The Gap may also include going back to the house for something you forgot, such as a bottle of water or feeding the cat. If you allow 10 minutes for The Gap, you’re probably safe. If you have children, 15 minutes may be more realistic.

Once you are at work, planning for The Gap will also help you get to meetings or appointments on time. Just as when you are leaving your house, The Gap includes the time it takes to gather materials for a meeting and tie up any loose ends.

Work through these steps while planning for The Gap:
– What time are you expected to be at your desk? What time is your appointment or meeting?
– Decide what time you could arrive and have a few minutes to breathe and be calm.
– Take into consideration what time you need to plan to leave if traffic is heavy or if you need to gather materials for your meeting or do one-more-thing.
– Determine the time you normally would plan to leave for work or for your meeting.
– Now add 10-15 minutes so you can arrive on time and stress-free.

Another thing to be aware of is “one-more-thing-itis”. This also can make you late for work or for a meeting. You could leave now but that means you might arrive a few minutes early so you think, “ I can do one more thing”. That is what gets many of us, including me, in trouble because the one-more-thing takes longer than you thought or it leads to another one-more-thing.

The key is to be okay with leaving a few minutes early. For those of us who fear that we might end up wasting 10 minutes with nothing to do if we get somewhere early, keep a book or an unread magazine in your car or spend the time reviewing your calendar.

Changing our departure habits takes focusing on the clock and being realistic. Planning for The Gap will get you to work and to business meetings on time. Once I started planning for The Gap, I was no longer pulling out of my driveway stressed or leaving my office uptight. In fact, my whole day went much better. See if you don’t feel the same positive effects.

Three P’s to Peaceful School Mornings

Lost shoes, lost reports and lost keys, the clock seems to be running on double – THE SCHOOL
YEAR BEGINS. No, I am not peeking into your house, but many parents describe this kind of hectic
morning to me.

As a mother of seven grown children, I know mornings can be hectic. Since I survived and also
since I am a Professional Organizer, here are some tips to ease the beginning of each day by
planning, purging and paper handling…

Create a Plan
Get the family together over a dish of ice cream and brainstorm for ideas to meet everyone’s
needs. Listen to each person’s input. The kindergartner’s suggestion may be the best.

Routines keep everyone calmer so the night before…
• Set out planned breakfast items
• Everyone, including Mom and Dad, pick out clothes for the next day
• Divide the house into sections – each person takes an assigned room and spends a few minutes
returning items where they belong
• Take a few minutes in the evening to come together and discuss plans each family member has for the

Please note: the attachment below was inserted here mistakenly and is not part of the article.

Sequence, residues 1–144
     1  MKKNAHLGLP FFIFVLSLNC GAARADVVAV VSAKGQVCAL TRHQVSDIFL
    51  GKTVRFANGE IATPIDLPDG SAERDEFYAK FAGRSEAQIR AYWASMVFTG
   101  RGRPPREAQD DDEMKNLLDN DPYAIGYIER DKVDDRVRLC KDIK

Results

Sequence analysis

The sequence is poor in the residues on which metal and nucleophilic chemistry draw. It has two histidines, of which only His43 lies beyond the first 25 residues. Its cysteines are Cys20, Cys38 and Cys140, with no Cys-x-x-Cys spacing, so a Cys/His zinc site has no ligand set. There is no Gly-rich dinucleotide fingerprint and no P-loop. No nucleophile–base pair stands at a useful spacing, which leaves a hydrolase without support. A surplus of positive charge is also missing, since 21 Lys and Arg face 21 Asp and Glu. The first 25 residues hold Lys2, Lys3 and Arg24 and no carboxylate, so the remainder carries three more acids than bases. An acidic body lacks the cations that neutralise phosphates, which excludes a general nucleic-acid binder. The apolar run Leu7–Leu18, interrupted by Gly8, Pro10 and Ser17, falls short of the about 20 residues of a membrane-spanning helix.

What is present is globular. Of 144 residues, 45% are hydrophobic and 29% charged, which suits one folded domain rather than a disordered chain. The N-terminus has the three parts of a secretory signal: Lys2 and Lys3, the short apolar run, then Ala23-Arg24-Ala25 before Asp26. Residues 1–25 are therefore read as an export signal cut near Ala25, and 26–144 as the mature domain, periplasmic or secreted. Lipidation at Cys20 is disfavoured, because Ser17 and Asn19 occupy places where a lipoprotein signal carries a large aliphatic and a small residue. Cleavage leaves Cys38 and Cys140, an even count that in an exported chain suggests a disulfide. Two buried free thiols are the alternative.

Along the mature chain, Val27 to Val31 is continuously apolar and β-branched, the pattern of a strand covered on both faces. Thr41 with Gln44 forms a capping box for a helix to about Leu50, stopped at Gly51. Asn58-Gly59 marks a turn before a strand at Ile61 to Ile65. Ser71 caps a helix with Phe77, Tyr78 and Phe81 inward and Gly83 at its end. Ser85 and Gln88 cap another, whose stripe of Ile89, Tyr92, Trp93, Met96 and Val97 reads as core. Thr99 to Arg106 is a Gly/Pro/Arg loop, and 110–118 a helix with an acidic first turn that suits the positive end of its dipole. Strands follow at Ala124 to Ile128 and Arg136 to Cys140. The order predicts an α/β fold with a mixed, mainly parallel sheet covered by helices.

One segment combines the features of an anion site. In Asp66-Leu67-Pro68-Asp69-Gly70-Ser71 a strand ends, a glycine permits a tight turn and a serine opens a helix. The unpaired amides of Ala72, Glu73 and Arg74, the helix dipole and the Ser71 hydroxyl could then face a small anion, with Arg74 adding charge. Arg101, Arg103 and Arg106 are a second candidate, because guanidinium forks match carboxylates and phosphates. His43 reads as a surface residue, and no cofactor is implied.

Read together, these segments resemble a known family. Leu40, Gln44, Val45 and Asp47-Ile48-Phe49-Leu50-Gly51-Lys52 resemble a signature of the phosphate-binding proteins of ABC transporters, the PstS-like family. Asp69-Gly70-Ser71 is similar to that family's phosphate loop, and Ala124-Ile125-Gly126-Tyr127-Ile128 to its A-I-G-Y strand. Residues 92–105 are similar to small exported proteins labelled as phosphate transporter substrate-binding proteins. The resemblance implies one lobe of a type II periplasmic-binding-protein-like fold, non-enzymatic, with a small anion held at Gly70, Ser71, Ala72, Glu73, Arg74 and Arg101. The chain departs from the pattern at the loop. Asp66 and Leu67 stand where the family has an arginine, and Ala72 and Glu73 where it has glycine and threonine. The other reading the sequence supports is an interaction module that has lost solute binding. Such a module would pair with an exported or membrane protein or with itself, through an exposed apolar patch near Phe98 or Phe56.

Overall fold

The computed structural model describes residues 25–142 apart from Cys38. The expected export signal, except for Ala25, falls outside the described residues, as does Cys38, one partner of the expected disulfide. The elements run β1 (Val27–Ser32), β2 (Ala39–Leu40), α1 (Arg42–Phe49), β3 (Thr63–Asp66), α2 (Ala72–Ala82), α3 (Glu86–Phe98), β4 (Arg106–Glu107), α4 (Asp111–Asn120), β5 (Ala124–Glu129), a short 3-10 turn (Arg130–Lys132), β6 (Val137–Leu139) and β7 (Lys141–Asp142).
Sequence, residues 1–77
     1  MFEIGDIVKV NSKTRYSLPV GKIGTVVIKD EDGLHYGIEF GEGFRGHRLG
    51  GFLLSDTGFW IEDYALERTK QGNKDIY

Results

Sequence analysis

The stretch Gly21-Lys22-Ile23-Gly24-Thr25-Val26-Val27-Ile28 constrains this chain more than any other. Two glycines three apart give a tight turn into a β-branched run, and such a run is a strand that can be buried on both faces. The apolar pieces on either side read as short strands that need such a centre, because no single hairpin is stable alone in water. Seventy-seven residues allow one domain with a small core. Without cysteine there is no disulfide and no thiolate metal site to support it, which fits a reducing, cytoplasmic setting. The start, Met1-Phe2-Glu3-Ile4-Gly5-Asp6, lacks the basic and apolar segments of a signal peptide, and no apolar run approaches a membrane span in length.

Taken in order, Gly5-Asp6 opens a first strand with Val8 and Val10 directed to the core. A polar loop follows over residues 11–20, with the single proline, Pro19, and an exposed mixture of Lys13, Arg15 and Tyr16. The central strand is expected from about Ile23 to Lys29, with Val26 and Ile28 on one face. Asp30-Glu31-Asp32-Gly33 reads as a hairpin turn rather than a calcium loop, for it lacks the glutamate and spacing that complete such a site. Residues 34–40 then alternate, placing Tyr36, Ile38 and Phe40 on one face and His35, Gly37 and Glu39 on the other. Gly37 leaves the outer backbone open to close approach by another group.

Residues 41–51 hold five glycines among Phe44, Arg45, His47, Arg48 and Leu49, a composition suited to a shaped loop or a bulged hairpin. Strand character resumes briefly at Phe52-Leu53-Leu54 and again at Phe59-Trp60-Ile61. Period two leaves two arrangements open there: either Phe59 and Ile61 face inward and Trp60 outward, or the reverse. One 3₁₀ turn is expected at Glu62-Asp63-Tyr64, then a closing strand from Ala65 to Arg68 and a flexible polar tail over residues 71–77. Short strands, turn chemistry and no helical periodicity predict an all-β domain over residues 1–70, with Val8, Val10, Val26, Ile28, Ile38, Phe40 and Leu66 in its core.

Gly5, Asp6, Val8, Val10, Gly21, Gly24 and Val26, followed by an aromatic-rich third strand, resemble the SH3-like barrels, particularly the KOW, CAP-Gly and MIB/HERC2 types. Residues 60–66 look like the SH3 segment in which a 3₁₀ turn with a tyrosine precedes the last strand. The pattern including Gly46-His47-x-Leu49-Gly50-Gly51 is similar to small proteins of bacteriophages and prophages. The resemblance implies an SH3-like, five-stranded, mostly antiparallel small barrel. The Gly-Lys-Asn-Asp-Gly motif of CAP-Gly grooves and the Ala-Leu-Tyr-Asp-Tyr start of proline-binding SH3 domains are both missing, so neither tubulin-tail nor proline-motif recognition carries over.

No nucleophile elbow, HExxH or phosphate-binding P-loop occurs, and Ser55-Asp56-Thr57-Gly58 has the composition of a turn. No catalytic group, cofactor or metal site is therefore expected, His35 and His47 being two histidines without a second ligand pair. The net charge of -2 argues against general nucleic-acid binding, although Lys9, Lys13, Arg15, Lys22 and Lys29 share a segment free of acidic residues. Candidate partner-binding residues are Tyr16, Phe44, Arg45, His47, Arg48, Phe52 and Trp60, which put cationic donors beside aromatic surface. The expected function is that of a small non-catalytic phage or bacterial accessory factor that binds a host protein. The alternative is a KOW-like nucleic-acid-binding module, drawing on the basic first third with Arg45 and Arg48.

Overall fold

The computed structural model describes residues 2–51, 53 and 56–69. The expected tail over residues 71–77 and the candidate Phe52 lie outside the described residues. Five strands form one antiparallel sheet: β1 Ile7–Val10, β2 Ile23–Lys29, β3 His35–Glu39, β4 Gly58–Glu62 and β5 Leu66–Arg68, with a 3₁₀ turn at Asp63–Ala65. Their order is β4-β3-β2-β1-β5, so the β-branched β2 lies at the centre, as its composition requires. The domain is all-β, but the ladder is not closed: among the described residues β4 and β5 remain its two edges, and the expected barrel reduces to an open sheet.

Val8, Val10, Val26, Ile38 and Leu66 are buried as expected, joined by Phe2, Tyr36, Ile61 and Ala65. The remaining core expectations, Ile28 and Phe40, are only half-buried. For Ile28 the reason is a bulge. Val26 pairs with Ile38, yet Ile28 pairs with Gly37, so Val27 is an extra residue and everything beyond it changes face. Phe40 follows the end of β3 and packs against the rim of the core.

next day
• If Mom and Dad get up 30 minutes earlier and get dressed before the children get up, it allows time to
handle any problems that arise

Purge, Purge, Purge
This is the time to simplify.

Help young ones go through their room and eliminate the old stuff. They will probably be
willing to throw out many of last year’s school papers. The ones they want to keep can be put
into a sentimental box.

Share old toys with the needy. Sorting through their room is often overwhelming for children to
do. Sometimes it is too stressful for a parent and child to do together, so possibly an older
sibling, aunt or grandparent could help them. As a professional organizer, I also work with
children and since I am a “neutral person,” this works out well.

This is also a good time of year for parents and children to organize their closets so that
selecting clothes to wear will be easier.

Tame the Papers Problem
Have a plan for incoming and outgoing papers. It is not so important what you do with a piece
of paper but that you do follow the plan consistently.

Place all papers that need to be signed in a specific, designated area, possibly a basket near
the door that everyone comes in.

Have a system so children know where their papers will be the next morning. For example, you
may return the papers to them or they may be by their place at breakfast. It is not so important
what you do but that you do it consistently.

Keep papers needed for future dates in one place.

Have one location where everyone writes upcoming events, giving each family member a different color pen to use.

Simple Steps to Organization
Plan a routine, give everyone something on the evening To-Do List, decide how school papers will be
handled, and take the time to purge rooms and closets – these are all simple steps we each can
take to help our families be less stressed on mornings during the school year.

Getting your children off to school is more than just getting them out of our door and into the school’s
door. We want them to feel loved, and we also want to have time to listen to our children as they talk. It is
important to be able to give them a hug and smile as we part for the day. Allow some extra time, because
the unexpected will happen – but with good planning and simple organization, we can handle the
unexpected without unnecessary difficulty.